Similarly, 1 Thessalonians 4:1-8 warns us that we are to abstain from sexual immorality and to use our bodies in holiness and honor rather than lust, and that we should not “transgress or wrong” one another in these matters. Other translations render that word “wrong” as “defraud” (see the old RSV, among others).
Numerous scholars have suggested that beyond the clear sexual implications of this passage, there is a broader relational application that we are not to “defraud” one another in areas of sexuality and relationships by implying a marital level of commitment by our words and actions that does not exist. In other words, we should not “act” married in our emotional and physical intimacy until we have undertaken that level of commitment.
The idea that some levels of relationship are unique to marriage should get our attention as we engage in relationships that present a constant temptation to tread into “marriage” areas regarding emotional and physical intimacy, companionship, and the special status that dating partners tend to occupy in our lives. Once we acknowledge that dating is not an “anything goes” enterprise with regard to intimacy, we’re in a better position to think through what a godly, responsible level of intimacy is. The Biblical Dating series takes a shot at that question in detail, as does the column “Principles for Drawing Boundaries.”
2. Sexual immorality is a serious sin against God and one another, and it should be actively avoided.
The Bible talks about sexual sin as extremely serious, both as a sin against God and against the one with whom we sin. Again, Romans 13 talks about doing no wrong to our neighbors and then names sexual sin as just such a wrong. Several passages tell us that the (unrepentant) sexually immoral will not enter the kingdom of heaven (see Galatians 5), and Proverbs presents numerous warnings against such sin (for example, Proverbs 6:20-7:27). First Corinthians 6:18 directs us to “flee [that is, turn and run] from sexual immorality,” and Ephesians 5:3 (in the NIV) warns that there must be “not even a hint” of such immorality among believers.
As it relates to sexual immorality, the Bible also makes a powerful argument from silence: There is no example anywhere in Scripture of any romantic, physical activity outside of marriage that is not described as sinful and that does not result in negative consequences for the people involved.
The Bible seems to offer the strongest guidance it can that sexual sin is to be actively avoided and, positively, that the only godly context for any sexual activity is marriage (Song of Songs 2:7).
3. We should treat every believer who is not our spouse as a brother or sister in Christ.
Call this the positive corollary to the sexual sin principle. Scripture treats marriage as a unique and exclusive relationship, not just in its status, but in the means of relating within that status. As already discussed, Song of Songs seems to be one long illustration of that idea. Ephesians 5:22-33 also holds marriage out as unique in its level of commitment, relational bond, intimacy and as an illustration of the Gospel. Everyone who is not our spouse seems to fall into one of several other categories that are devoid of erotic love and fall into some type of “familial” analogy.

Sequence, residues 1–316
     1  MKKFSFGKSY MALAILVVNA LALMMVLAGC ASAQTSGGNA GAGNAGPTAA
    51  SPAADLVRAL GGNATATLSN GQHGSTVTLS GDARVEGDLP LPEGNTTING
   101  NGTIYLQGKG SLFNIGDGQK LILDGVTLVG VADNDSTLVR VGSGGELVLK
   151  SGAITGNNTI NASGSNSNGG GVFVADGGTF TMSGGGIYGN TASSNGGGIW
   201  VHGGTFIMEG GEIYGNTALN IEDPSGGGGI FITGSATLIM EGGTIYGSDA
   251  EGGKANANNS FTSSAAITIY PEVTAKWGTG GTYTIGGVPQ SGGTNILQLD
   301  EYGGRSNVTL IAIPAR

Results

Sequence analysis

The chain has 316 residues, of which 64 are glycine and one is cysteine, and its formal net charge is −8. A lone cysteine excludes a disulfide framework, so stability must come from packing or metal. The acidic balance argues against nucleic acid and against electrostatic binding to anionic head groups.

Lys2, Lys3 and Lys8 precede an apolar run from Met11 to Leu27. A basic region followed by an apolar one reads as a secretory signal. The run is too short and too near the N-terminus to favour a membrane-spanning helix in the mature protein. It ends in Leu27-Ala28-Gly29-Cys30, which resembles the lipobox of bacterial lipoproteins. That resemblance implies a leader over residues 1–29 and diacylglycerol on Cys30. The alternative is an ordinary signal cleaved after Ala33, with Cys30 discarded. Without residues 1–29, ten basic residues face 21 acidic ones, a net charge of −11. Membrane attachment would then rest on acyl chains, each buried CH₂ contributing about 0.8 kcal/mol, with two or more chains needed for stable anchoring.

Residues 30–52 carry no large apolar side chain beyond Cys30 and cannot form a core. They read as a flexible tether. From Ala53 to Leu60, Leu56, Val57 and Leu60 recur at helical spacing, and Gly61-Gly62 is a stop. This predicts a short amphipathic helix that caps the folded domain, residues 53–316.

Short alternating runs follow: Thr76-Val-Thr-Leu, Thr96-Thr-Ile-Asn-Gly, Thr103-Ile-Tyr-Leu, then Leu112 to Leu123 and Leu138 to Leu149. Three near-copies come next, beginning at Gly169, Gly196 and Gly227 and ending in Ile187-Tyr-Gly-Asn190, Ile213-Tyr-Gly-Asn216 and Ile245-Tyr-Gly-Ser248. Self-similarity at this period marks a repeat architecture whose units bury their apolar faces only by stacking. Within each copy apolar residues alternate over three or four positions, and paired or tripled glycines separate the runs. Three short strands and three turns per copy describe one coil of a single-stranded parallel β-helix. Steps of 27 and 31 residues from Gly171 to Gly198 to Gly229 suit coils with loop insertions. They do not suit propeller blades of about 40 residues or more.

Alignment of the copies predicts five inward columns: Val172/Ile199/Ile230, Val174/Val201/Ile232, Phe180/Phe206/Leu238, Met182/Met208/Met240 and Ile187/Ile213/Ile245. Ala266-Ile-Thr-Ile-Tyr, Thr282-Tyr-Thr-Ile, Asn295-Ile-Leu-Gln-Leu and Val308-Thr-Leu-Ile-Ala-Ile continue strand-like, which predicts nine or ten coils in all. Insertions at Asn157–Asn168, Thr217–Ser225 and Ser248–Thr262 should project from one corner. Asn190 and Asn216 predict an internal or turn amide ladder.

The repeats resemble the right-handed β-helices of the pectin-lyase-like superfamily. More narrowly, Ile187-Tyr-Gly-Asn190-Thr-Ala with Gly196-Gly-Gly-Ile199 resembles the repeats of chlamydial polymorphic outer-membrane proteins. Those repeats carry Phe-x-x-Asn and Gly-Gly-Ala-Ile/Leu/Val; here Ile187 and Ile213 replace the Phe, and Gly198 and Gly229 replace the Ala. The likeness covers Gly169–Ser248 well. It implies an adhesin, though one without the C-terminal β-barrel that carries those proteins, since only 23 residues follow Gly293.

First Timothy 5 instructs us to treat older men “as you would a father, younger men as brothers, older women as mothers, younger women as sisters, in all purity” (1 Timothy 5:1-2). That short passage covers just about everybody, and none of those relationships involves an erotic component. In fact, the NIV renders that phrase “in all purity” as “absolute purity.” And the author makes no exception for the category of boyfriend or girlfriend. We should not assume that because modern western society grants special status to dating relationships, Scripture does. As far as Scripture seems to be concerned, “dating” is just another sub-category within “brother and sister in Christ.”
Another part of this ethic of loving one another as brothers and sisters in Christ is positively pursuing one another’s spiritual good. First Timothy 5:1 instructs us to “encourage” one another in our relationships. Romans 13 and 14 instruct us to love one another as neighbors, to avoid causing others to stumble spiritually, to work for the good of the souls of others — and Paul names sexual immorality (i.e., sexual activity outside of marriage) as an example of the very opposite of such love.
The bottom line is that even as we date one another with the purpose of finding a spouse, we should do our best to guard one another spiritually and to preserve the uniqueness of marriage by minimizing the extent to which we depart from the brother/sister relationship and begin to treat one another the way we will someday treat our husband or wife.
So those are some broad, basic principles in Scripture that would seem to inform “how” we should date. My point in this piece has not been to take the next step and give specific practical implications of these principles (though I trust you will see a strong connection between these principles and my suggestions in the Biblical Dating series and advice columns). I trust we will continue to work those out in blogs and columns and podcasts (oh, my!) until the Lord returns. Should be fun.
Copyright 2015 Scott Croft. All rights reserved.
About the Author
Scott Croft served for several years as chairman of the elders at Capitol Hill Baptist Church in Washington, D.C., where he wrote and taught the Friendship, Courtship & Marriage and Biblical Manhood & Womanhood CORE Seminars. Scott now lives in the Louisville, Ky., area with his wife, Rachel, and son, William, where he works as an attorney and serves as an elder of Third Avenue Baptist Church.